Shock Around the Clock 4
August 11-12th, 1990
Electric Cinema, London
“Whenever two or three horror fans are gathered together in my name, they will hold a festival, and the name of the festival shall be Shock Around the Clock”
—— The Book of Jaworzyn, Chapter 13, Verse 10.
Four hours before the doors opened up, people were already queuing up for the most eagerly anticipated event since whatever-the-last-eagerly-anticipated-event-was. Not that I was there at 8 am, I only asked someone at the front. Having spent 30 minutes trying to find somewhere to park, the editors of TC and ‘Sludgefeast’ arrived about ten to eleven, joining the advance party dropped off earlier to hold a place in the queue. Some frantic competitive ‘zine selling to the bored masses in the queue followed, honours ending about even, though I wasted half the income thus obtained buying other bits and pieces. I had just sold to the back of the queue when the doors opened and we were allowed into the new venue of the Electric cinema on Portobello Road.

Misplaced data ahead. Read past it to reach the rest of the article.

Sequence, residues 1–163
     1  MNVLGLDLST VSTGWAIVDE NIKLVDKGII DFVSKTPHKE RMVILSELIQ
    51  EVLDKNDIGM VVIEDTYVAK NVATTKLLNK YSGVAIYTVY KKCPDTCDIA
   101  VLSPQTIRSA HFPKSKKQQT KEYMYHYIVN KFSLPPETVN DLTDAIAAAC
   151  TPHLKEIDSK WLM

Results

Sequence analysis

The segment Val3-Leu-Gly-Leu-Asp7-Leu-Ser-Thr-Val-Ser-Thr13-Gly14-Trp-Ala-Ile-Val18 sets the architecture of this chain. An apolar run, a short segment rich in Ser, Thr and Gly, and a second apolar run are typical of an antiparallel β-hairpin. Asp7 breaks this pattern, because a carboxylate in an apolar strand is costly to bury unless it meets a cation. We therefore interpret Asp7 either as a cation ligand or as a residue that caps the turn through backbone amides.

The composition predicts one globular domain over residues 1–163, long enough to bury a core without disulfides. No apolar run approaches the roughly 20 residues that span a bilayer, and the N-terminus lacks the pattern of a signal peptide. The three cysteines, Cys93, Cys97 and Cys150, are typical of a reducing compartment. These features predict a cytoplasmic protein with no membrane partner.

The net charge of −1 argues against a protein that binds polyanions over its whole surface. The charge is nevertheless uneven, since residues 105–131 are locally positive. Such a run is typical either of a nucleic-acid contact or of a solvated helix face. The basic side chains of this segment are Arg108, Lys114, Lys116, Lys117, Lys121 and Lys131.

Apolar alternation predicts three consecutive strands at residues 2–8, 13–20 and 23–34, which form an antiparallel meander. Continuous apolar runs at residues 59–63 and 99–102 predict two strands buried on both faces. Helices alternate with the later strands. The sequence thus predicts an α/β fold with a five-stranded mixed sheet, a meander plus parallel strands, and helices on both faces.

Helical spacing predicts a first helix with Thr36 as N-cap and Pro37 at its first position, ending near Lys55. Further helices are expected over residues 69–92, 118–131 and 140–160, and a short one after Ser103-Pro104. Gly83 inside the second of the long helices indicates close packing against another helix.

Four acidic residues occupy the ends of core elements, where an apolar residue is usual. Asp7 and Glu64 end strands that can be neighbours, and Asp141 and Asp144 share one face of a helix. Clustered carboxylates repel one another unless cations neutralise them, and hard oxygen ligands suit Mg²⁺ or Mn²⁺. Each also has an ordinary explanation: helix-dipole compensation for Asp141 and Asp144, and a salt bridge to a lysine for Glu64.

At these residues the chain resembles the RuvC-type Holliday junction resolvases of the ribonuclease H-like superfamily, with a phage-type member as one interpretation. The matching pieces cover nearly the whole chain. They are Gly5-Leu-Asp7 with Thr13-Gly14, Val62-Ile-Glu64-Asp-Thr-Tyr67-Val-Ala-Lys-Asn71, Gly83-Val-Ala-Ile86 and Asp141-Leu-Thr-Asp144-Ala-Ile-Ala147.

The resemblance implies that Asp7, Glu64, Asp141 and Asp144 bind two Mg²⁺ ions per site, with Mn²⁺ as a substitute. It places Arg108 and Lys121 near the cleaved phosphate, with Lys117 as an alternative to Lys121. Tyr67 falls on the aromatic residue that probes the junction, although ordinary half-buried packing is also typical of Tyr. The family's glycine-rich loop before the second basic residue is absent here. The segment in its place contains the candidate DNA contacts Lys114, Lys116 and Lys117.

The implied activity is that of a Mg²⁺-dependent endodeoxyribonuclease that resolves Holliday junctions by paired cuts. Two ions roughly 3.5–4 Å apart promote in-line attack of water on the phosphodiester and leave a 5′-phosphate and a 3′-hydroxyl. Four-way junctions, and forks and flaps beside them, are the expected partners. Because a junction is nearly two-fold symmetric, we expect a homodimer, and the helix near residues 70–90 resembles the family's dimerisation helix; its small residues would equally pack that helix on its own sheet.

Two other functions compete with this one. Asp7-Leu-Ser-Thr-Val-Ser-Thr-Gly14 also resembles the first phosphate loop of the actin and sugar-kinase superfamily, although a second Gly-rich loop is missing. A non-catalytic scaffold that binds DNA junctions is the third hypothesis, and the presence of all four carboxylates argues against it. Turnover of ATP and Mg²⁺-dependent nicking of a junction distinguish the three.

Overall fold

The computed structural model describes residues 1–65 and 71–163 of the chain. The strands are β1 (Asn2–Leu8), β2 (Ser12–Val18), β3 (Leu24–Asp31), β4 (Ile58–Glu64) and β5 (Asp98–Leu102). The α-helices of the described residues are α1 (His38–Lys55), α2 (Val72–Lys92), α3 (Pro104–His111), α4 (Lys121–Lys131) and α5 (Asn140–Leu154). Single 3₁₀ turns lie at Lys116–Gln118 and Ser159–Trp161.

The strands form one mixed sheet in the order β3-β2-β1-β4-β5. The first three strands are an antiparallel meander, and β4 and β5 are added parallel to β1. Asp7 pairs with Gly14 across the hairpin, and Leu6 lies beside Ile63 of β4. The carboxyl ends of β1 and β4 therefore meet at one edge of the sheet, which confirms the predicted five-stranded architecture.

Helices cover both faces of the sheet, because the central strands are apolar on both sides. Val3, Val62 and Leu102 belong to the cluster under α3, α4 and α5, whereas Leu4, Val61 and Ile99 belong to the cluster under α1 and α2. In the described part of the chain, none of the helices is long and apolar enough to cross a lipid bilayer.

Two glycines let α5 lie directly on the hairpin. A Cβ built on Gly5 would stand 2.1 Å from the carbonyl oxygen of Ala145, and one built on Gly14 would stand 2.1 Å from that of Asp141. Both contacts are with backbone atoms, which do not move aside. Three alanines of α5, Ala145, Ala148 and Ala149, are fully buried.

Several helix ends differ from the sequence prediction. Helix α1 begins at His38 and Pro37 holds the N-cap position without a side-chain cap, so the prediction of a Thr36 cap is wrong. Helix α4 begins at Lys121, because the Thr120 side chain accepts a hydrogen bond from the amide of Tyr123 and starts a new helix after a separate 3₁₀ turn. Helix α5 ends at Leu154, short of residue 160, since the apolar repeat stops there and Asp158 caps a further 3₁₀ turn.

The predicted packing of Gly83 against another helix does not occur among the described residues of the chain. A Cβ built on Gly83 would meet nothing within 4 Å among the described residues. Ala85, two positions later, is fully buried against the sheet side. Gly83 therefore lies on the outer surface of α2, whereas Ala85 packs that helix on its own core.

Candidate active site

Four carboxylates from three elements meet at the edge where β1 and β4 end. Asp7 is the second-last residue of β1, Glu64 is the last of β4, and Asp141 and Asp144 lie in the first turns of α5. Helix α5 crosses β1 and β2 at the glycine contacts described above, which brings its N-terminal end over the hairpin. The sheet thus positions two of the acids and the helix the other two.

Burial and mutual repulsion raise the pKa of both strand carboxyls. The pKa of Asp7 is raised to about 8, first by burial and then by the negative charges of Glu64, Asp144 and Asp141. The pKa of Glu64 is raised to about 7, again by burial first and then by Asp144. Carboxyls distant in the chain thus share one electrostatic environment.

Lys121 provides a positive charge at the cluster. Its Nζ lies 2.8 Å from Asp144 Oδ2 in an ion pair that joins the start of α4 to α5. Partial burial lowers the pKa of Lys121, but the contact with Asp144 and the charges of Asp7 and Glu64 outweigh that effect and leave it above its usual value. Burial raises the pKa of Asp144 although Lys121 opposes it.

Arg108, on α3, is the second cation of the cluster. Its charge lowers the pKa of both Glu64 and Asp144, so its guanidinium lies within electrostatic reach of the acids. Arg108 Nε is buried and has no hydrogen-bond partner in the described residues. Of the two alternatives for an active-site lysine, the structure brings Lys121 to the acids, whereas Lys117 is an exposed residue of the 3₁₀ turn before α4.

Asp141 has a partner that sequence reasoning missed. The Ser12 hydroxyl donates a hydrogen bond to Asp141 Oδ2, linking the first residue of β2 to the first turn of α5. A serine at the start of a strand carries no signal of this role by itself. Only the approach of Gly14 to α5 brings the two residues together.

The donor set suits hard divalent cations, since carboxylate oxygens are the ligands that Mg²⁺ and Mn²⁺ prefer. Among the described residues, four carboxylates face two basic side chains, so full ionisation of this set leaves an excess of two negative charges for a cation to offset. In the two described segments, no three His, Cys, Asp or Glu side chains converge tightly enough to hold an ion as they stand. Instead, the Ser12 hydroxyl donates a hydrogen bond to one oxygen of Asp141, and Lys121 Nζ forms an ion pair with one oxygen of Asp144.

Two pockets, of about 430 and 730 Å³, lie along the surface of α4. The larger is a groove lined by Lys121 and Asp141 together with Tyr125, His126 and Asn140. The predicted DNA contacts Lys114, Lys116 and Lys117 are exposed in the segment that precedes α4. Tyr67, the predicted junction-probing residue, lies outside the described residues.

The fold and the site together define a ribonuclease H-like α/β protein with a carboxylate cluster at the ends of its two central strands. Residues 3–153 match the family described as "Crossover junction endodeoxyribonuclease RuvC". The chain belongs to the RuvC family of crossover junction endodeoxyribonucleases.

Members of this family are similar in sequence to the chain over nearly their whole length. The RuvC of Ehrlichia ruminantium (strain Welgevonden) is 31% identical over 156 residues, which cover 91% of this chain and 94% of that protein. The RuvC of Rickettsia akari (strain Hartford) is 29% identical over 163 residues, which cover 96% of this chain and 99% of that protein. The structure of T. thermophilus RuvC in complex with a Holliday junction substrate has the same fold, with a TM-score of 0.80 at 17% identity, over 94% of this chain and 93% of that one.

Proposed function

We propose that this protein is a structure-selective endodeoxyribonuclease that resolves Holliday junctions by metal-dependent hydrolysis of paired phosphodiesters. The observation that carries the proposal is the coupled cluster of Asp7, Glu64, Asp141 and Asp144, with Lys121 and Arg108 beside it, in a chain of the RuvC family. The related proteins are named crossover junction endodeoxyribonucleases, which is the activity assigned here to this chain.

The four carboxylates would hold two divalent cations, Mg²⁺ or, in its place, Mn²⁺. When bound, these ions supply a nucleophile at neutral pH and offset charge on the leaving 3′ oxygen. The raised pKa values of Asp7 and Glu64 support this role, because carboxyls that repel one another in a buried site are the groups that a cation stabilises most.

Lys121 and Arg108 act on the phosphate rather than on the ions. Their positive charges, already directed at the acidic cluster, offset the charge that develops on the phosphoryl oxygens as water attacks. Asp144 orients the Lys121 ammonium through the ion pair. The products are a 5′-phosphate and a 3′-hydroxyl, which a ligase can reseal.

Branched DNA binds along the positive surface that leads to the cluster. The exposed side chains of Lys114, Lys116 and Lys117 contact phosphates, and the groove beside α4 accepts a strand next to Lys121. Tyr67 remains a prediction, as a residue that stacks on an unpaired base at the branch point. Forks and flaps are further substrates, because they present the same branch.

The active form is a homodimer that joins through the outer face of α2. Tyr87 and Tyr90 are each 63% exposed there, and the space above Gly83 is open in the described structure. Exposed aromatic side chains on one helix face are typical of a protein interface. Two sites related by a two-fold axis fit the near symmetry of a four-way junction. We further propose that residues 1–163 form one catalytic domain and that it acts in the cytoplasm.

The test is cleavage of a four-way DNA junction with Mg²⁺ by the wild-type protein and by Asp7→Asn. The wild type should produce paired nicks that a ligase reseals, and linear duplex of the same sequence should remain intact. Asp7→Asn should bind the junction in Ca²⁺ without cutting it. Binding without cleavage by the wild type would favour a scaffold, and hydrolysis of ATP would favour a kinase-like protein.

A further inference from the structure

The opening film was Roger Corman’s ‘Frankenstein Unbound‘, based on the book by Brian Aldiss. In it, Dr. Buchanan~ (John Hurt) is sent back in time to 19th century Switzerland, where Byron, Shelley & Mary Godwin are having their notorious party on the shores of Lake Geneva, and Something is killing local livestock and people. It will come as no surprise to learn of the presence of a Dr.Frankenstein… It’s typical Corman hokum, enjoyable in a mindless way, but every time it starts getting momentum going, it manages to screw things up – the worst case of this is having Michael Hutchence, lead singer of INXS and Kylie’s ‘friend’, playing Shelley (sorry, Cathy!). The audience found him highly amusing. Large amounts of picturesque pseudo-Swiss scenery (it was shot in Italy) give it a slight travelogue air – overall, it just about works thanks to some nice touches on the monster and imaginative use of optical effects.